In early 2021, as vaccinations ramped up, air travel – especially in the USA – returned with a vengeance. Passenger traffic climbed dramatically, blowing away expectations, as customers scrambled to book flights after governments eased shelter-in-place orders and other travel restrictions.
“Airlines are hiring like mad right now,” he says. Within a few weeks of applying earlier this summer, he secured a first officer job at a regional airline and began training in September.
Looming age-driven retirements at many carriers – about 38% of commercial pilots are over the age of 50, according to simulator and training provider CAE – coupled with an air travel boom, a weak pilot pipeline and staggeringly high training costs, suggested demand would rapidly outstrip the one human resource that makes it all possible: the individuals at the front of the aircraft.
The company put the professional pilot deficit number across civil aviation at 264,000 by 2029. Alone in 2021, the company said, 27,000 additional pilots would be needed to accommodate the rebound worldwide.
With at least 3.8% of airline pilots retiring every year for the next 10 years, 126,000 new ones will be needed to offset those retirements and attrition, and another 93,000 to accommodate the industry’s expansion, CAE said. Its analysis added that at least 7,800 additional aircraft were expected to join the commercial airline fleet in that period.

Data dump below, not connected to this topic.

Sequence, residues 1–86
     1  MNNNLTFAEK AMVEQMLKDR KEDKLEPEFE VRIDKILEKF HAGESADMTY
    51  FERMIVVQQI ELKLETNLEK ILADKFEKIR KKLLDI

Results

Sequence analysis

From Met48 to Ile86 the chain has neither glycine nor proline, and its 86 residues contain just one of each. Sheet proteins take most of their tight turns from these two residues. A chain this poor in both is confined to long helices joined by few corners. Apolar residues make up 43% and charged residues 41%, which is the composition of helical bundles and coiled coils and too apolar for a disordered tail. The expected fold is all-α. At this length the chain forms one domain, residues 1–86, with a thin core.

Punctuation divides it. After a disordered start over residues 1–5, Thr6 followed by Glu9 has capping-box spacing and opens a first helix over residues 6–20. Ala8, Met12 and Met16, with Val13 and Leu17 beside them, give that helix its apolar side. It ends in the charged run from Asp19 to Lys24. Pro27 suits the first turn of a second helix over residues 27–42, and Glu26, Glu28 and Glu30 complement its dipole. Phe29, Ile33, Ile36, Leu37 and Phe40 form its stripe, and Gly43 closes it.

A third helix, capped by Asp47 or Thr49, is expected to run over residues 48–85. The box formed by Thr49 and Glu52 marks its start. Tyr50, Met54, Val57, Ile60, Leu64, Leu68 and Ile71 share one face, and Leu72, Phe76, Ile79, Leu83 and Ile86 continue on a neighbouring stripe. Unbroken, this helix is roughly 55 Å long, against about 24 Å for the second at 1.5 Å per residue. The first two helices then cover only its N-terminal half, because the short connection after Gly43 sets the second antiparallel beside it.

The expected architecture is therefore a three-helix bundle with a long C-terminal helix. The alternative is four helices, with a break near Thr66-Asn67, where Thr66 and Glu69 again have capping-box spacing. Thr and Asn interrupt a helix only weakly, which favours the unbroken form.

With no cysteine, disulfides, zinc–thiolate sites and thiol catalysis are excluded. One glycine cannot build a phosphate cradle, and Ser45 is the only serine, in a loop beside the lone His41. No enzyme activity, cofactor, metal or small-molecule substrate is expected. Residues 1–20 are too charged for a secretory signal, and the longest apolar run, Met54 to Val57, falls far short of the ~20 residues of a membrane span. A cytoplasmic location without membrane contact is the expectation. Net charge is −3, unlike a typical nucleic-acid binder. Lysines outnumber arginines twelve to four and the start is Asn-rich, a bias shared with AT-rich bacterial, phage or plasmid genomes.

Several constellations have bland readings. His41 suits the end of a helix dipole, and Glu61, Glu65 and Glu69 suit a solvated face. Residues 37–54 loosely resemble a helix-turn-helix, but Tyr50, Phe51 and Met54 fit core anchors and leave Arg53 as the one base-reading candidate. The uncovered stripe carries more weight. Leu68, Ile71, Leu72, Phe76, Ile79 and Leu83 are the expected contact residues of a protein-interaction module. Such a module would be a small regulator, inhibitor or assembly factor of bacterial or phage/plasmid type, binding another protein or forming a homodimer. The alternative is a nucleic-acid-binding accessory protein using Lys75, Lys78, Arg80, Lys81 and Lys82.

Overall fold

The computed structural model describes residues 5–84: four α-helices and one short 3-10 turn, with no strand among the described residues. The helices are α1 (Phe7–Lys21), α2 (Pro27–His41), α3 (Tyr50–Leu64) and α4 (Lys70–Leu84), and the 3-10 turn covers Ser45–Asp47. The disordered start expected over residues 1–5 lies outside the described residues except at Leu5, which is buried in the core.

“Airlines had to adopt some different strategies when this crisis hit,” he says. “Early retirement seemed like an easy one, as did the leave programmes.”
But these retirements, Murray says, accounted for as much as 15% or even 20% of the airlines’ seniority lists, leaving pilot ranks gutted of experienced aviators.
“Unlike previous recoveries – where [airlines] could recall people and pretty much put them right back into the seat they left – this time the airlines are saying, ‘Holy smokes, we lost all of the senior captains. So we need to take the senior first officers, and move them into junior captain seats’,” he says.
But while the numbers are progressively rising, they remain far from enough to satisfy the industry’s needs.
In its most recent pilot hiring bulletin, published on 25 August, FAPA says that “pilot interview and hiring numbers keep climbing”.
“The twelve major [US] airlines continue to recruit pilots and celebrate increased hiring numbers,” it says. “At this time, only three of our major airlines have yet to announce new pilot hiring numbers in 2021, all evidence points to the likelihood that they will in the coming months.”
Faced once again with a pilot shortage, some regional airline executives renewed their plea this week for relief from the 1,500-hour flight-training requirement that they say is ineffectual and imposes unnecessary barriers to entry into the profession.
However, the remarks of one influential congressman offered the carriers no reason for optimism.
"Having been there when we wrote the rule, I feel very obligated to it, and we should," House Subcommittee on Aviation chairman Rick Larsen (D-Wash.) said during a question-and-answer session at the Regional Airlines Association (RAA) Leadership Conference in Washington Tuesday.